Here in Lubbock, it seems like cars are magnetically attracted to buildings. If you're like me, your first thought is hoping everyone is okay, then you immediately think to blame the driver. What kind of idiot hits a house? Surely, they must have been drunk or high or something. But what if the driver isn't totally to blame? What if it's actually Lubbock itself to blame? 

First, let's take a step back. Is Lubbock really unique in this phenomenon? Actually, no. Cars hitting buildings happens way more often across the country than you probably would have guessed. It is estimated that car/ building accidents happen all the time:

Per one estimate, at least 100 cars crash into buildings every day, and research suggests the death and injury toll of vehicle-in-building crashes is in the thousands.


Again, I can't blame you if your instinct is to think that there are that many irresponsible or incapable drivers on the road. And that is certainly part of it. We should note that only about 20% of car/ building wrecks are "pedal error," that is, someone hitting the gas instead of the brakes, or drive instead of reverse, etc. So there's the "incapable" portion of our accidents, and while they can cause a lot of damage, they aren't usually fatal incidents (although, of course, they can be. )

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Everything Lubbock on Youtube

Frighteningly, that means 80% of car/building accidents are not from a parked position and that someone actually drove right into the building. I can't blame you if you have left this article to place a boulder in your yard or plant a large tree. When I was a kid, a truck hit a bush in our yard and flipped completely over. The truck would have hit our living room if it hadn't been for that bush.

That particular accident was caused by drunken driving. They were going much too fast down a steep incline (I lived in a mountainous part of the country then). They tried to take a turn much too quickly and nearly killed themselves and my family over it. But there was another factor at play too- which may be the problem in Lubbock. It was the design of the road.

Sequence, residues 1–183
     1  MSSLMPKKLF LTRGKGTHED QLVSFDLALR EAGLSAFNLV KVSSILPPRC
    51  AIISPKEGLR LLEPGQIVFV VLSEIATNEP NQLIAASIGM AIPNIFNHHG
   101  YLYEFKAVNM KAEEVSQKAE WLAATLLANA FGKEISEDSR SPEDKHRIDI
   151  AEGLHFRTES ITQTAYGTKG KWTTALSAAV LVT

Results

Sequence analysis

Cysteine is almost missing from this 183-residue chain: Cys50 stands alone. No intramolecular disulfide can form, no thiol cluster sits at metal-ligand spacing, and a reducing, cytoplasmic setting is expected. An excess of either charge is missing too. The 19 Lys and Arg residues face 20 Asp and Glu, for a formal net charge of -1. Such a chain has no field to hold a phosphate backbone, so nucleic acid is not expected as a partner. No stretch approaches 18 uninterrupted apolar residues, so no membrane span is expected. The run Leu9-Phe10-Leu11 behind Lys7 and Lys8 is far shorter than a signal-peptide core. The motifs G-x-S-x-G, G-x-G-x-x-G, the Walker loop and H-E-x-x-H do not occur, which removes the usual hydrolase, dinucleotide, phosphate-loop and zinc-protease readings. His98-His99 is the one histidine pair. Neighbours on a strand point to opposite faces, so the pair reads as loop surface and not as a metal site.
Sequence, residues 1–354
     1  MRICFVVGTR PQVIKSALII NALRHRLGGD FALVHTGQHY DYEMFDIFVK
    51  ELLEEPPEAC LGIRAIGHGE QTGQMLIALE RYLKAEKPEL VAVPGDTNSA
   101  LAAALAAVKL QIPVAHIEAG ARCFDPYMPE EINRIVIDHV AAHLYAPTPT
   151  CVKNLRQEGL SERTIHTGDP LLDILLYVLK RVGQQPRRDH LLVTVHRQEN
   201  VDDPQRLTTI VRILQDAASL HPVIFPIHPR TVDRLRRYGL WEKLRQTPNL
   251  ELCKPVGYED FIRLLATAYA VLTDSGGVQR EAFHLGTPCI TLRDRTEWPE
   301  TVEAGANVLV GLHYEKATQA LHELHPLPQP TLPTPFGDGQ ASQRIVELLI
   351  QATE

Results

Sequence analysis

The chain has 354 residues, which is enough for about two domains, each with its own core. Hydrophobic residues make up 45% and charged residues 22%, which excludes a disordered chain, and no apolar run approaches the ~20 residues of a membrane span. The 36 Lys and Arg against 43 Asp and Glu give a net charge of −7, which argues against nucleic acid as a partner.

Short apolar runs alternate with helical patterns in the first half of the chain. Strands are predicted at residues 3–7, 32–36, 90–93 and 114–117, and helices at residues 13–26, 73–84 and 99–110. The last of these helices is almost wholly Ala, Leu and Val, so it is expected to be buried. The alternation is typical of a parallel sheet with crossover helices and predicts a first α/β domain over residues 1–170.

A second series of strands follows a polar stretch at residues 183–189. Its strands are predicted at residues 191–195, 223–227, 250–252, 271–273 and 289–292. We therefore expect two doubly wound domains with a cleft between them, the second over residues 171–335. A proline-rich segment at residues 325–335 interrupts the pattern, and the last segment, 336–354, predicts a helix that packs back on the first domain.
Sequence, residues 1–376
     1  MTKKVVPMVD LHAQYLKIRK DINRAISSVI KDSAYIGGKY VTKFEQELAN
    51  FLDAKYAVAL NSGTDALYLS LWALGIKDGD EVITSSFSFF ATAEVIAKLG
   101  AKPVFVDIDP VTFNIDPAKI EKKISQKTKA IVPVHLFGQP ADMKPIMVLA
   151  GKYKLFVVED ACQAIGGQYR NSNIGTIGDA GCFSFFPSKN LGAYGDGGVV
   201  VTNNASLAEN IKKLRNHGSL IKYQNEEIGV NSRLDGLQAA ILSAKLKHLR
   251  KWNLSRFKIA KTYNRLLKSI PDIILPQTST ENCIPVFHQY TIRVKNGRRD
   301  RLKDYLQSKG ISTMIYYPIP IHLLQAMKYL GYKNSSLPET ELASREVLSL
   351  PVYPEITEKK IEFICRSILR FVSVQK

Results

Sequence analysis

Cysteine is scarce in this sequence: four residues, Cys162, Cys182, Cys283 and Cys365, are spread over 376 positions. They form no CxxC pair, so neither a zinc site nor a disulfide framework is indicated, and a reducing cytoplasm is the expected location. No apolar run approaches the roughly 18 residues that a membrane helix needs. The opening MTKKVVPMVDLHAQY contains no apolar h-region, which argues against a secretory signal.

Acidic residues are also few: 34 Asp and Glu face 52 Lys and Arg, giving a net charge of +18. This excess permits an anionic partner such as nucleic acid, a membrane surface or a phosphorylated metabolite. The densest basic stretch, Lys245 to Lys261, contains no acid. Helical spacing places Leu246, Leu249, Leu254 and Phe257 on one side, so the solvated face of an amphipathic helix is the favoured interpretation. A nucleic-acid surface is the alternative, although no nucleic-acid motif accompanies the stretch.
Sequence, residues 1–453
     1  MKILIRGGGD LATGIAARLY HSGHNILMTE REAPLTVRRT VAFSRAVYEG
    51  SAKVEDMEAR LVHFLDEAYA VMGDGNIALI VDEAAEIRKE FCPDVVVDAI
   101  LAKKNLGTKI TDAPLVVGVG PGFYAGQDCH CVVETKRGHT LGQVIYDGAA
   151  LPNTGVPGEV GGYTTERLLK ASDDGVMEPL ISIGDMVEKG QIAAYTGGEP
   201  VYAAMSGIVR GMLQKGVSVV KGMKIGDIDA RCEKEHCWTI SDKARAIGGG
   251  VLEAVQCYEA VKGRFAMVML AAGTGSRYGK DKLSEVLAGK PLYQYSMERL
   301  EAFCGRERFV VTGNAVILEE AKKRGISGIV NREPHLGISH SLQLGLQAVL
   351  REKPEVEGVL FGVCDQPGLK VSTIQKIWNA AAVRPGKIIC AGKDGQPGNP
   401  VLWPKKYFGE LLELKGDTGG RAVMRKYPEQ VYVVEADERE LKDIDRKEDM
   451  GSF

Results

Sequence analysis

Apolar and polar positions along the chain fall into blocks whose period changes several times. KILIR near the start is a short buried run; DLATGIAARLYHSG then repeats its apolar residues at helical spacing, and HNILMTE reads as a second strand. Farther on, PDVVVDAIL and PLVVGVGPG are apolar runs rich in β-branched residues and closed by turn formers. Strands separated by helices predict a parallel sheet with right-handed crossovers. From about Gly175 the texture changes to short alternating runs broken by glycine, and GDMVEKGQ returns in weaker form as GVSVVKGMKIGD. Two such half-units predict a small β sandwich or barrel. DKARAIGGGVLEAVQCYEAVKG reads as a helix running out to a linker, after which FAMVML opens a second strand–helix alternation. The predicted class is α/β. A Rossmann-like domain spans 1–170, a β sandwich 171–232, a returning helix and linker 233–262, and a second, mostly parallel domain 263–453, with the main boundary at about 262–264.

Back then I lived two houses off of what is called a "stroad" which is shorthand for street/road:

A stroad combines the functionality of a street (a place for people and businesses to interact) with the abilities of a road (a high-speed route between people and places).

A stroad sounds like a great idea until you realize how deeply dangerous they obviously are. High speed AND people slowing to make turns into businesses and homes is a recipe for collisions. So what's the solution?

The best solution is good road engineering in the first place and towns that have spaces that cater to pedestrians and/or slow traffic. However, in most cases "what's done is done" and new solutions must be introduced to old roads. This can take the shape of traffic "calming" devices like speed tables, speed bumps, and chicanes. Or it can be a sort of retrofitting like curb extensions. When I lived off University, a lot of our traffic problems were solved by a concrete median between University proper and a sort of mini side road that fed into the neighborhood.

As Lubbock grows in population, it is my hope that we make good planning choices in the first place for new areas and that we are able to implement good solutions to existing roads as well, so we have a whole lot less of this:

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